Cardinals are frequent visitors to my neighbourhood. Male cardinals are bright red, but I know them mainly by their distinctive calls. They are hard to spot because they stay so high up in the trees.
That may be changing. A few days ago, I was in the middle of an email when a cardinal landed right outside my window, less than two feet from the ground. As human activity on my street has lessened, birds are coming down to ground level more often.
Or maybe it’s because I’m at home that I notice birds. Maybe I’m just better at noticing, period.
I notice other things. It seems the birds of the Advancement flock are also exploring their changed neighbourhoods. But the experience has not been the same for everyone.
When this crisis hit, frontline staff suddenly found themselves with calendars cleared of travel and events. Never ones to sit on their hands, they turned to tackling neglected to-do lists, or reading the huge volume of quality content on philanthropy and engagement in times of crisis, or becoming thoughtful and far-thinking.
This reflective hiatus for frontline staff will be brief, and in fact it may already be over. Conversations with alumni and donors must resume – different venue, different topics – and priorities for annual appeals are shifting toward direct aid for students in distress.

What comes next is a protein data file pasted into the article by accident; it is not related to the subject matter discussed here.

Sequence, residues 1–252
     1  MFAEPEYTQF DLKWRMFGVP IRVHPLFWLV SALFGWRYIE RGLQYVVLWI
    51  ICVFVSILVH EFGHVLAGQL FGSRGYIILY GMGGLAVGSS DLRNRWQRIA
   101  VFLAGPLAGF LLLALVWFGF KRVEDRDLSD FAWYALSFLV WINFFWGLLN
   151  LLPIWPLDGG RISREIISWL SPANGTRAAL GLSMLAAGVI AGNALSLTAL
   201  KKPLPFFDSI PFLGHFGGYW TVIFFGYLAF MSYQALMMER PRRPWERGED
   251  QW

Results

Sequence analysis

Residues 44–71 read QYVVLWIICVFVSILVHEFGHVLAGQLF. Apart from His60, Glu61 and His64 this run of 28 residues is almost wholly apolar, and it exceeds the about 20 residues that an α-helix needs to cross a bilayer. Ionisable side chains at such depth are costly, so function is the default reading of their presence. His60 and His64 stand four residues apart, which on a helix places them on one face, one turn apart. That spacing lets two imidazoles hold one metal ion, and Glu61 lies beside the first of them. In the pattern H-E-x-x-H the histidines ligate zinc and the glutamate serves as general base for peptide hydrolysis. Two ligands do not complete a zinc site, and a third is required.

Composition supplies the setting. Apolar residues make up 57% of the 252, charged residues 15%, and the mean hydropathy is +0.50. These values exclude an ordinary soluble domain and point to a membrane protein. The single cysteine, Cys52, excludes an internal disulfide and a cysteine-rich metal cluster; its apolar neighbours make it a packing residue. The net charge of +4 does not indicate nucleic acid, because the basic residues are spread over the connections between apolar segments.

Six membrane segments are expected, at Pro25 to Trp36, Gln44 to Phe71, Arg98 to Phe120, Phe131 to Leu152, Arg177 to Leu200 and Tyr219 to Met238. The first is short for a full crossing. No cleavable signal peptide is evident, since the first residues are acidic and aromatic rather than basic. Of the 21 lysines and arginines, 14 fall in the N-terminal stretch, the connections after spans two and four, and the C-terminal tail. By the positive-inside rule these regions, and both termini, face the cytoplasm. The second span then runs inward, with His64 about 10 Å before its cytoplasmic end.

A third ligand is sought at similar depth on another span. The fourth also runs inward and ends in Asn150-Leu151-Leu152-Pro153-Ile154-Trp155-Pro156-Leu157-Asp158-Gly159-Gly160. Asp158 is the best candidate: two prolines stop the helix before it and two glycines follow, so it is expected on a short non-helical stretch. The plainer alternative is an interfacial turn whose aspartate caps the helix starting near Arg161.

For support and operations staff, the experience has been quite different.
The rush to get everyone set up for working from home is over. We’ve discovered that the tools and technology were already there, like a safety net, waiting for us to arrive. (Our friends in the private sector could have told us that.) A few venerable business processes have been swept aside, temporarily, to suit the new reality. As a result, the physical move wasn’t as painful as we might have predicted.
What now? Operations staff never had empty calendars. The meeting load has in fact gone up: Leaders and managers are communicating with their teams remotely while the need for collaborative project work goes on. The opportunity for reflection never happened. We are busy just keeping up.
Temporarily, then, half the flock is on the ground exploring new territory, and half is still up in the trees.
The volume of meetings should abate, and a kind of normalcy will return. It will be a different normal, however: Advancement shops are gearing up for engaging with committed supporters during what will be a protracted health and economic crisis. What does a “face-to-face” visit mean now? How do we shift to rich digital experiences in place of events? How do we measure meaningful engagement? What processes need to be retooled, not just temporarily, but for all time?
The descriptive phrase I hear from colleagues is “business as unusual.” In such times our most important task is keeping the flock together.